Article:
2023.06 The Taiwan Banker NO.162 / By David Stinson
New cybersecurity strategy helps the US solve its middle power problemBanker's Digest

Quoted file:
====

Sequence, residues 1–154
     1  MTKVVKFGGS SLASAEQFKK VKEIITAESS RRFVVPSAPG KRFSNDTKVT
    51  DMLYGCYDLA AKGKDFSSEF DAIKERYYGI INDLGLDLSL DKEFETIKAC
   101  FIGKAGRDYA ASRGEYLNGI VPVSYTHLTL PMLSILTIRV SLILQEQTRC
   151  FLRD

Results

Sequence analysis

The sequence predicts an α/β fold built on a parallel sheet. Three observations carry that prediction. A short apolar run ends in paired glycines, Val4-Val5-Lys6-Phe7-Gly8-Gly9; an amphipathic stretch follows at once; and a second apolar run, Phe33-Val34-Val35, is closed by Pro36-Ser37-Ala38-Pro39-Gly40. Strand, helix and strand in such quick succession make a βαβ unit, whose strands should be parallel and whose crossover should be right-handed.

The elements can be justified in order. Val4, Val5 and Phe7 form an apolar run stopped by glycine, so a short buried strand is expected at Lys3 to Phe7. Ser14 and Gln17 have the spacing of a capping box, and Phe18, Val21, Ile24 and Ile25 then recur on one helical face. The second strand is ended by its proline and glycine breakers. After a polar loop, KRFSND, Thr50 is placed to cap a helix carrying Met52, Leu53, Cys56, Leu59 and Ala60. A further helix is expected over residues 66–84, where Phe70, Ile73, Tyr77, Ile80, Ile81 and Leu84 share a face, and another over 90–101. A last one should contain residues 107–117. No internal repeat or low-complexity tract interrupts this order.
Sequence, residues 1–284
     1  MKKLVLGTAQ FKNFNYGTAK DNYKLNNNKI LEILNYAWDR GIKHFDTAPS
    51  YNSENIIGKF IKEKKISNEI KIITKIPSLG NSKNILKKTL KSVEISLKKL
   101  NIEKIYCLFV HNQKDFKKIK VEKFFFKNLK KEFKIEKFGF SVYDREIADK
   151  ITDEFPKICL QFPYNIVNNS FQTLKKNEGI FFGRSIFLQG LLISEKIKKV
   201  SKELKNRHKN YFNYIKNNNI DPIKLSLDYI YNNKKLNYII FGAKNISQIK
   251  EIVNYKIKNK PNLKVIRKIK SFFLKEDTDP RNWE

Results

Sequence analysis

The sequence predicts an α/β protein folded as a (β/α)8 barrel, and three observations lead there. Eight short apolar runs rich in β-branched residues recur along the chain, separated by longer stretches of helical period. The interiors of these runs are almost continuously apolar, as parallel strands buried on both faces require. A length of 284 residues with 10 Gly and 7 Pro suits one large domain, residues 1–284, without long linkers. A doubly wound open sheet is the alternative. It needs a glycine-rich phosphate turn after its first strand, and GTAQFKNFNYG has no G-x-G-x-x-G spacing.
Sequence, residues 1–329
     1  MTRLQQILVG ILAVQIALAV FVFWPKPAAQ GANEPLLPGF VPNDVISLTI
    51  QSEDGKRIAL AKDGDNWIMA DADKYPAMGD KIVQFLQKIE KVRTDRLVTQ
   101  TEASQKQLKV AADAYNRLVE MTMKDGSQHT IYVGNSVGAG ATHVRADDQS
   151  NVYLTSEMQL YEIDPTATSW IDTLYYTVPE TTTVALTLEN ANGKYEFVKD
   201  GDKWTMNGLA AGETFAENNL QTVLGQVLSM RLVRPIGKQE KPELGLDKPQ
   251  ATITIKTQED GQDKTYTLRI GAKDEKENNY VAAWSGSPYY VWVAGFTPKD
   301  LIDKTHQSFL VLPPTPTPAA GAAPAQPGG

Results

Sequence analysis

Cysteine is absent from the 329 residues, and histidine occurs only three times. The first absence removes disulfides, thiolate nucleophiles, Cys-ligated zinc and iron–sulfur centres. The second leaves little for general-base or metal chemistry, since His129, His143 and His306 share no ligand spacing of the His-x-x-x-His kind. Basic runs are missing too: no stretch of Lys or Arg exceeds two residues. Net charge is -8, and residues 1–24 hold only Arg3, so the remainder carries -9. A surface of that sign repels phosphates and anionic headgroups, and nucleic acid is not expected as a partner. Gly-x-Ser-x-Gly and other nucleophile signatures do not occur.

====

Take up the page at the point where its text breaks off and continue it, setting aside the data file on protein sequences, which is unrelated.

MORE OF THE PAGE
Does the information domain inherently favor offensive or defense? This is a complex question that integrates technology with economics, and even with grand strategy. When the notion first emerged that cyberspace could constitute a military domain comparable to land, sea, air, and space, people had in mind armies of ‘cyborgs,’ or robots. Somewhat unlike the drones of today, they were envisioned to not only project force, but also presumably hold territory, and could thus be considered an offensive tool. Later, we realized how fundamentally different bits are from atoms, and it became increasingly clear that everything is vulnerable. Around the time that bootlegged music started to proliferate on P2P platforms like Napster, cybersecurity became heavily associated with intellectual property. Under that model, information is valuable due to its external association with some factor in the ‘real world.’ More recently, however, as the internet has been used to transmit not only data but value, it has become apparent that the intrinsic characteristics of information matter as much as its external associations. Copying code may be costless, but it is still dangerous to execute untrusted code without costly verification. These eras of cybersecurity are reflected in the evolution of US cybersecurity strategies over time, although with significant delays as bureaucrats have caught up with technical thinking. The latest iteration is basically neutral between offense and defense. Most significantly, though, it reflects a vision of cybersecurity as a global effort to be coordinated between the US and its allies and partners. Not your grandmother’s internet These changes can be tracked through the changing use of the word “deterrence,” which first became a cybersecurity term of the art in the 2018 US Cyber Strategy. “For a while, the United States seemed almost to hope that the mere example of its good-faith engagement with malicious cyber actors such as Russia and the PRC might be enough to persuade them to rein in their bad behavior,” said Assistant Secretary of State Christopher Ashley Ford in a 2020 speech. “But we have learned the lessons of that history, and we have come more explicitly to incorporate elements of deterrence into cyberspace security diplomacy as well. The lessons of the last few years have made clear that having a framework of responsible state behavior is not enough in itself: there must also be consequences for the violation of such norms.” That doctrine was updated this March in a long-awaited National Cybersecurity Strategy. This time, however, the word “deterrence” was once again nowhere to be found. That reversal in direction reflects interrelated changes. The notion of absolute security for internet-connected assets has been abandoned in favor of defense in depth. At the same time, geopolitical changes over the past five years have undermined almost all types of non-technical deterrence, at least regarding Russia and China, which the newest Strategy names as two of the highest-priority malicious actors (along with North Korea and Iran). Ransomware attacks have increased during that time, fueled by greater sophistication of hackers, as well as increased maturity of blockchain ecosystems. As such, the new Strategy puts increased emphasis on financial sector controls, including AML/CFT, and makes particular note of illicit cryptocurrency exchanges. Cybersecurity concerns underlie an apparent broader ongoing regulatory crackdown on digital assets. One of the most interesting updates, meanwhile, involves the respective sections on diplomacy. The final pillar of the 2018 Strategy was to “Advance American Influence,” with plenty of mention of concepts like freedom, governance, and markets. The optimistic notion that the internet would inevitably promote openness, which formed a major part of the rationale that opening up to China would cause it to democratize, had still not been fully refuted by an internet of “walled gardens” (private ecosystems, mainly controlled by non-interoperable social media platforms). Rather than American influence, however, the new Strategy puts much more emphasis on coalitions of allies and partners (the latter of which would include Taiwan). In part, this represents a partisan difference in views on American power, but it is also a highly practical way to counter threats of a global nature. It specifically notes assistance provided in response to attacks in Costa Rica, Albania, and Montenegro. Cybersecurity is not elitist The implications of this approach extend beyond just cybersecurity. The US urgently needs some sort of diplomatic ‘carrot’ towards middle powers as it increases its use of financial sanctions and semiconductor controls. Recent moves to ban TikTok reinforce the impression of that American moves to counter Chinese influence are primarily punitive in nature. Even the traditional tool of development financing at best only matches China’s Belt and Road. Warnings of “debt diplomacy” prompted a now-famous quip on Twitter, attributed to a Kenyan official: “Every time China visits we get a hospital, every time Britain visits we get a lecture.” Far from being an elitist concern, if anything, cybersecurity is of greater interest to poorer countries, as long as they are developed enough to connect their financial systems to the internet. It is a topic of consistent interest among members of the Asian-Pacific Association of Banking Institutes (APABI), of which TABF serves as the secretariat. Cybersecurity aid constitutes a rare avenue for the US to approach the information domain from a lawful and ethical, yet offensive posture. The US should, and probably will increase its utilization over time. Due to human resource constraints, however, law enforcement is forced to aggressively triage threats. Director Christopher Wray of the FBI recently requested money to hire 192 new cyber staffers, claiming to Congress that the FBI was outnumbered 50 to 1 by Chinese hackers. It is impossible for the government to compete with the private sector on pay, although the current tech sector layoffs offer a small window of opportunity. Moreover, an even bigger challenge is the gaping culture chasm between traditional and digital talent, even relative to the financial sector. The national security apparatus does not look highly upon the career flexibility which is valued in the tech sector. Moreover, the security clearance process is notorious for weeding out free thinking and international ties, including even foreign country expertise. This will likely need to change in light of the recent leaks on Discord, a video game chat platform. Jack Teixeira, the 21 year-old who shared a wide range of sensitive documents to teenage admirers, managed to obtain his Top Secret clearance despite being denied a firearm license due to violent and racial threats, as well as comments about guns at school. The case demonstrates that mere conformity and traditional career paths were insufficient criteria to begin with. Chatbots, not hackbots An important question for the future will be whether large language models (LLMs) could alleviate any aspect of this bottleneck. Given how wrong previous prognostications have been about the future of information technology, some modesty is in order when extrapolating ahead, but some preliminary conclusions can still be drawn. LLMs will not invent new types of attack. They are not creative in that sense, and other, more specialized types of algorithms are more suited to that task. Rather, they are economic engines which make certain, less sophisticated tasks orders of magnitude cheaper, such as social engineering. The parameters of cybersecurity policy have changed even in the short time since the recent Strategy was released, but this update may not strongly affect the overall balance between defense and offense. It is already understood that maintenance of network operations must co-exist with governance over physical territory. The question now is how to scale the aspects of cybersecurity which truly require scarce world-class talent.